There are certain films where you can tell you are witnessing a life altering performance. One that will forever change your mind about the capabilities of a particular actor or actress. Smashed is one of those films. Although the film deals with the topic of alcoholism, it the performance from Mary Elizabeth Winstead that will be the most talked about aspect of James Ponsoldt’s latest film.

Smashed is a film that explores how both alcoholism and sobriety can impact a relationship. Kate (Mary Elizabeth Winstead) and Charlie (Breaking Bad’s Aaron Paul) are a seemingly happy couple who share a love for not only each other, but alcohol as well. There is rarely a moment when they are not drinking or talking about going out to drink. After a string of increasingly rough drunken nights, which culminate in a hungover Kate vomiting while teaching her first grade class, Kate decides it is time for a change. Through the help of her co-worker Dave (Nick Offerman), a former alcoholic, Kate begins attending regular AA meetings and even finds a sponsor in Jenny (Octavia Spencer).

Kate’s quest to get sober proves to be rather difficult since Charlie has no desire to stop drinking. Still enjoying the party lifestyle, Charlie cannot even fathom why Kate would want to ruin a good time. Furthermore, Charlie struggles to identify with his wife’s increasingly changing priorities. It is as if Charlie woke up one day to find a stranger living in his house.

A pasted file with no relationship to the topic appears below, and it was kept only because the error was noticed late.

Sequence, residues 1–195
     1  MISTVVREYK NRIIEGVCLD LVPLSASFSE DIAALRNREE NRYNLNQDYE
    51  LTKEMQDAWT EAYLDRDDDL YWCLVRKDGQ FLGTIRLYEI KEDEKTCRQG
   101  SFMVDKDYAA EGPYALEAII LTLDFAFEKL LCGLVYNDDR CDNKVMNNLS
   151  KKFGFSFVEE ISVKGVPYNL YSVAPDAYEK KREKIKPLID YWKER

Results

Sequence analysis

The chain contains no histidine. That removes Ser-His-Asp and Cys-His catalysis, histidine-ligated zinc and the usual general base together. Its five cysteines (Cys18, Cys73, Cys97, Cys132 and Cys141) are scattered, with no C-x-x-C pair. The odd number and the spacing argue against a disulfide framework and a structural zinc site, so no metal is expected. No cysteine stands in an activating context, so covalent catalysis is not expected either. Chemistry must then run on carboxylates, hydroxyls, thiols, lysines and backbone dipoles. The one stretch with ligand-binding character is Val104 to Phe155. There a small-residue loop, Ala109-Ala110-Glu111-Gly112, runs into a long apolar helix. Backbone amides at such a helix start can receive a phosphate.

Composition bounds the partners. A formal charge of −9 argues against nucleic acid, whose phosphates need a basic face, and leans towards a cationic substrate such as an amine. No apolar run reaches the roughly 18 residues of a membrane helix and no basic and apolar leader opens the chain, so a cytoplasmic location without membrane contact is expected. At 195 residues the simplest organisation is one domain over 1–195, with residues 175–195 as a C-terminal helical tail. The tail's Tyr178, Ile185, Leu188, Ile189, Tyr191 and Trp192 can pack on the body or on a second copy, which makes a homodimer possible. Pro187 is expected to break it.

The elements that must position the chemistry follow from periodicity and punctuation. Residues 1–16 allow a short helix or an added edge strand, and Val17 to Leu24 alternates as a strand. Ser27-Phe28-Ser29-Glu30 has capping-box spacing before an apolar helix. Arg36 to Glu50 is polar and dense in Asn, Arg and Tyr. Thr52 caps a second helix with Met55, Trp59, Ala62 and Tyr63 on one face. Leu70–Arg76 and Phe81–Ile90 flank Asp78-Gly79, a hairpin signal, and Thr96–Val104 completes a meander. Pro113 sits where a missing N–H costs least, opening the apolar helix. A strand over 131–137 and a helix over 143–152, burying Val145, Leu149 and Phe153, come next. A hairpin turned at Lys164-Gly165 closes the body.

Unlike many films that have focused on alcoholism, Smashed is not so much concerned with Kate’s recovery as it is about how it impacts her marriage. In fact Pondsoldt seems to fast-forward through most of Kate’s recovery with the exception of highlighting a few key moments. Considering the chemistry that Winstead and Paul have together this was a wise decision. Winstead gives an assured performance in which she must run a full range of emotions from fun loving party girl to woman on the brink of losing everything. She is truly a revelation who is destined for great things thanks her work in the film.

Aaron Paul is solid in the role of Charlie though fans of Breaking Bad will know what to expect from his performance. He succeeds in never truly becoming the villain in the relationship despite his frequent lapses in judgment. The rest of the supporting cast, which includes Megan Mullally, do a good job with the limited work they are given. Offerman and Mullally are especially solid in roles that greatly lighten up the mood of the film. Thanks to Offerman’s Dave, you will not look at a moist cake the same way again.

The number of comedic moments in the film is pleasantly surprising. While this offers a nice change of pace from the more somber films about alcoholism, it does highlight the fact that this film feels a tad too cutesy at times. Pondsoldt plays things far too safe by drifting into unnecessary side stories. For example, while the subplot involving Mullally is amusing, it is not as integral to the plot as Pondsoldt would have us believe. Fortunately though, Winstead’s stellar performance manages to overshadow the films shortcomings. She is the real reason that Smashed works.


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